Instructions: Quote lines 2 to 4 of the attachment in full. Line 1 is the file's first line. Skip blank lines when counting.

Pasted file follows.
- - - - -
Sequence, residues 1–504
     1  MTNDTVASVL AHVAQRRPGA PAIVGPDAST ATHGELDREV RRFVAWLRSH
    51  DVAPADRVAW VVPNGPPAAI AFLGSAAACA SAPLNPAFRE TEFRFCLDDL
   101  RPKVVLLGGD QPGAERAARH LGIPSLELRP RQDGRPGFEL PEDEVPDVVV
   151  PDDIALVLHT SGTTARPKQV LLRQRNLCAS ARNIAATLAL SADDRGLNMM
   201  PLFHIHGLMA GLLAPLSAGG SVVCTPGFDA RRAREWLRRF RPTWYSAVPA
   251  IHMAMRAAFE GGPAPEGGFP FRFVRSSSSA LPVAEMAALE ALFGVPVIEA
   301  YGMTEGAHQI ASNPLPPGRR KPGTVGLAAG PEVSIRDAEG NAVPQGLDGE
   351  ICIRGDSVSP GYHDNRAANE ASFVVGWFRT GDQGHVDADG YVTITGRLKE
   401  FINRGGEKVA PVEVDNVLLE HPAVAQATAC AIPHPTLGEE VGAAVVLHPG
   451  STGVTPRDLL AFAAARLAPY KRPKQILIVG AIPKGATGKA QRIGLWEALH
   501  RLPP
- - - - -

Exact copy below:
     1  MTNDTVASVL AHVAQRRPGA PAIVGPDAST ATHGELDREV RRFVAWLRSH
    51  DVAPADRVAW VVPNGPPAAI AFLGSAAACA SAPLNPAFRE TEFRFCLDDL
   101  RPKVVLLGGD QPGAERAARH LGIPSLELRP RQDGRPGFEL PEDEVPDVVV